Bridge hand

It is adviced to form a firm bridge hand at all times. You simply can not allow it to move, nor leave extra space for the cue to wobble sideways. It should be stable.

 In the following steps we show you how to form a bridge hand:

 - place your hand on the table and spread your fingers,

- lift your knuckles and by doing so fingers are almost gripping the cloth,

- lift up your thumb and press it against the side of your index finger … you will notice the ‘V’ shape right there where both fingers touch one another

- place the cue in between the 2 fingers.

Important !

Make sure that, when placing the bridge hand on the table, there is almost no twist of the wrist. It is advisable that the upper part of the hand is in line with the lower part of the arm as if it is a natural extension of the arm. Twisting the wrist almost creates tension in the wrist area.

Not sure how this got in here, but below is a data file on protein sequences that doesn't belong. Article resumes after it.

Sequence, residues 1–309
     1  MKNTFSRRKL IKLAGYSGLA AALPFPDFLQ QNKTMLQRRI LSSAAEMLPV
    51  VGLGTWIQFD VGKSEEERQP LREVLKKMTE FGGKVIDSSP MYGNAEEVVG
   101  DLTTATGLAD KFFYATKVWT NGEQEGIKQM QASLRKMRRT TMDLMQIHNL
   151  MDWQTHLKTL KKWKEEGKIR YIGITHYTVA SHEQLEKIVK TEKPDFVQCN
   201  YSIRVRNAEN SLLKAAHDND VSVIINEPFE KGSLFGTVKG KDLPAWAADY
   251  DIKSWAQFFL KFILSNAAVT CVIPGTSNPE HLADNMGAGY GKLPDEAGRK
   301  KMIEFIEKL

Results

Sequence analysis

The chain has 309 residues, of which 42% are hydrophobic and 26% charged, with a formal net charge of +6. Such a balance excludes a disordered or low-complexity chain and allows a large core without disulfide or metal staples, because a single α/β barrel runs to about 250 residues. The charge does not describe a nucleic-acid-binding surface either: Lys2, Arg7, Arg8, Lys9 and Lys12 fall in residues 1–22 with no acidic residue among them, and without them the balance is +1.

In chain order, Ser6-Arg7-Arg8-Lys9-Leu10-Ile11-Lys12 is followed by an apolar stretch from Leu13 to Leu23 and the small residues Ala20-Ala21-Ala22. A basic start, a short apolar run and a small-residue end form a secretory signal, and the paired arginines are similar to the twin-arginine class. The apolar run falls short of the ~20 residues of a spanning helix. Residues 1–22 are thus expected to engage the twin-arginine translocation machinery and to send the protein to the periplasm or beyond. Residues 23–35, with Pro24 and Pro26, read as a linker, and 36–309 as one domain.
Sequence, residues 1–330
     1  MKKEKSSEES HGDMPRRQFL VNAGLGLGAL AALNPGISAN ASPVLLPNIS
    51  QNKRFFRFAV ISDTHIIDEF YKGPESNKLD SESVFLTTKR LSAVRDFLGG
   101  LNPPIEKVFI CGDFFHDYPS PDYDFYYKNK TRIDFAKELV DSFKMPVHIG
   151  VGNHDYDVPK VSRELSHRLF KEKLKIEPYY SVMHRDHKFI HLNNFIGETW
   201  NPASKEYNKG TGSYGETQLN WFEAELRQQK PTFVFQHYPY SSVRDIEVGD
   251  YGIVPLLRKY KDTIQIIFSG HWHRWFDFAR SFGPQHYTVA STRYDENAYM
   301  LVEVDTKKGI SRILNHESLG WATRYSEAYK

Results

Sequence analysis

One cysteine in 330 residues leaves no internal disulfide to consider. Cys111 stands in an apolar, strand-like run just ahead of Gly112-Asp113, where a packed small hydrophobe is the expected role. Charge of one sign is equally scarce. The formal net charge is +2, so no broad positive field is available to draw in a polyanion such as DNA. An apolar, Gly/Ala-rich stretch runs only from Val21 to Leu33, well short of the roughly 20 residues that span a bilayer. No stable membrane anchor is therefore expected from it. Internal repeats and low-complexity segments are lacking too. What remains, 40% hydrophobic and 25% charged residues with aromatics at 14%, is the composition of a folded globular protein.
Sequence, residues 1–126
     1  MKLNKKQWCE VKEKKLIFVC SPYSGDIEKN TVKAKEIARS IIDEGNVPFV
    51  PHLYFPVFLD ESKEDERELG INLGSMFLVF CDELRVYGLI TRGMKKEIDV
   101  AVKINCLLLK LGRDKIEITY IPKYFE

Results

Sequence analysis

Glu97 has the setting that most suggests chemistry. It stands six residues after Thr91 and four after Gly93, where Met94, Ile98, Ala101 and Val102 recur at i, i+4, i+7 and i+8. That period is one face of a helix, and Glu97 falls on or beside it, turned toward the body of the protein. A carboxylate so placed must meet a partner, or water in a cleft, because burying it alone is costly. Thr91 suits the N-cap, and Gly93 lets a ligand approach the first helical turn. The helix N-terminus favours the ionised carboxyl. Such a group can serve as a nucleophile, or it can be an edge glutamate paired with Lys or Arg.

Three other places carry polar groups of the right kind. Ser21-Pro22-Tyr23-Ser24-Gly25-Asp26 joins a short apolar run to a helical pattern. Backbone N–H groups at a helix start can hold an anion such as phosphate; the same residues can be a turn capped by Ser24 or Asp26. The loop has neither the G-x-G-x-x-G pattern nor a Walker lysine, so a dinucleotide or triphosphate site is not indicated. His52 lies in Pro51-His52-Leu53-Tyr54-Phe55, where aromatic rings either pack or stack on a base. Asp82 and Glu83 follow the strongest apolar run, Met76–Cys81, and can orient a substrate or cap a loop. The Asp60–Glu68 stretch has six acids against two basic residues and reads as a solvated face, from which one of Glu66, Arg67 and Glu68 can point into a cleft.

Furthermore, when the wrist is twisted and you place the cue on the bridge hand, the cue will slide not only between the two fingers but also on a large part of the skin of the side of the hand. The bigger the sliding surface on the hand, the stiffer the cueing action. 

Sure we all experienced being hampered to place the bridge hand properly. We can only adjust to the situation and try to avoid tension as much as possible. Here we show you some examples:

1.bridge hand with only fingers on  the cushion – outerside of the cushion can be used for extra grip

2. classic bridge with a complete hand on the cushion – mind your cue action because the cue is pointing down because the cue is positioned on the hand and not the cushion

3. cue is gliding on the cushion and touching the middle finger and thumb 

4. complete flat bridge hand on the table with thumb gripping the outerside of the cushion

5. cueing along the direction of the cushion - only half of the bridge hand is supported by the table

6. bridge hand near the pocket

7. elevated bridge hand on the table with 4 finger support

8. elevated bridge hand on the cushion

9. elevated bridge hand with 2 finger support (less fingers create less stability)